Zine El Abidine Ben Ali waves to supporters in Tunis. File / Zoubeir Souissi / Reuters
Tunisia's ousted president Zine El Abidine Ben Ali died in exile in Saudi Arabia on Thursday, days after a free presidential election in his homeland, his family lawyer said.
"Ben Ali just died in Saudi Arabia," the lawyer, Mounir Ben Salha, told media by phone.
"Ben Ali has died on Thursday in Saudi Arabia," Tunisia's foreign ministry told reporters.
"We had confirmation of his death 30 minutes ago," the ministry said, without giving further details. Ben Ali was 83.
Ben Ali fled Tunisia in January 2011 as his compatriots rose up against his oppressive rule in a revolution that inspired other Arab Spring uprisings abroad and led to a democratic transition at home.
On Sunday, Tunisians voted in an election that featured candidates from across the political spectrum, sending two political outsiders through to a second round vote unthinkable during Ben Ali's own era of power.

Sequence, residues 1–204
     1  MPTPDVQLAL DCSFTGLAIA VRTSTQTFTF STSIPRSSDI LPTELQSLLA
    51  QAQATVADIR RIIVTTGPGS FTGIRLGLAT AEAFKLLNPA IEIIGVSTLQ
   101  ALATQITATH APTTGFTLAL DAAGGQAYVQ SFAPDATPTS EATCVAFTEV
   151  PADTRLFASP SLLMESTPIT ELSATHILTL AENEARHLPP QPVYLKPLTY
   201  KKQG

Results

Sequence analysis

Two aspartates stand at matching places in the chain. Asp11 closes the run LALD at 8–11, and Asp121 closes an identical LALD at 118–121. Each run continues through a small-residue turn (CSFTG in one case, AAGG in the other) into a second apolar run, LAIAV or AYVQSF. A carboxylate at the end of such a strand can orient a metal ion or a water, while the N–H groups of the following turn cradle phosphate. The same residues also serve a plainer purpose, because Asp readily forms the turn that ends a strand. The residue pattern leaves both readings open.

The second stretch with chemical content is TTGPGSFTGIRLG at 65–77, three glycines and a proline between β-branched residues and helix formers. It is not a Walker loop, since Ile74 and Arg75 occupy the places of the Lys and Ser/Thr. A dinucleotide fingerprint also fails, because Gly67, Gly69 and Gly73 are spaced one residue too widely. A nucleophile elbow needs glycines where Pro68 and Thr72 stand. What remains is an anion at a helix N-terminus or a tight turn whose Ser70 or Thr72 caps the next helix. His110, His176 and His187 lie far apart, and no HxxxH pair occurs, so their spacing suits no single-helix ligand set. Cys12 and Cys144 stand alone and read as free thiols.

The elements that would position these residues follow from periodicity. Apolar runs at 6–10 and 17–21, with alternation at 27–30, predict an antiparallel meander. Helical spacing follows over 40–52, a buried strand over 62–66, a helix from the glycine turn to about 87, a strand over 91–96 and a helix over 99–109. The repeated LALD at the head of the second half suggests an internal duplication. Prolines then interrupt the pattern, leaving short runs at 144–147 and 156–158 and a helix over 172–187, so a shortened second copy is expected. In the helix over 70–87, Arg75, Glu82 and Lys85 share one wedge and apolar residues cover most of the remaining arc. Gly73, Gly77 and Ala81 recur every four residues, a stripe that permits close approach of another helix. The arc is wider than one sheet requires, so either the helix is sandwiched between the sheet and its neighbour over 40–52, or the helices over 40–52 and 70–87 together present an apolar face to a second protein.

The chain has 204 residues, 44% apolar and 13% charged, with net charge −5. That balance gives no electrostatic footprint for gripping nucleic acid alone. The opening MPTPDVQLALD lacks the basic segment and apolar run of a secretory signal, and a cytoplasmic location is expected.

While almost all the candidates in Sunday's election were vocal champions of the revolution, one of them, Abir Moussi, campaigned as a supporter of Ben Ali's ousted government, receiving 4% of the votes.
Tunisia’s new President Kais Saied took the oath of office on Wednesday after his surprise election victory over champions of the political establishment.
The parliamentary race is expected to be fought closely by the moderate Islamist Ennahda party, the more secular Tahya Tounes party of Prime Minister Youssef Chahed, and the Nidaa Tounes party led by Hafedh Caid Essebsi, the president’s son.
Taiwan’s former president Ma Ying-jeou was found not guilty in a political leaks case on Friday, a major legal victory for a politician facing a slew of lawsuits since leaving office.
Furious that Britain has refused to grant its fishermen the full number of licences to operate inside British water that France says is warranted, Paris announced on Wednesday retaliatory measures if there was no progress in talks.
Lashing, frisking, and arbitrary detentions — Sudanese protesters say security forces have resorted to frenzied violence to quash street protests against the country's latest military coup.
The country has test-fired a nuclear-capable intercontinental ballistic missile from an island off its east coast amid rising border tensions with China.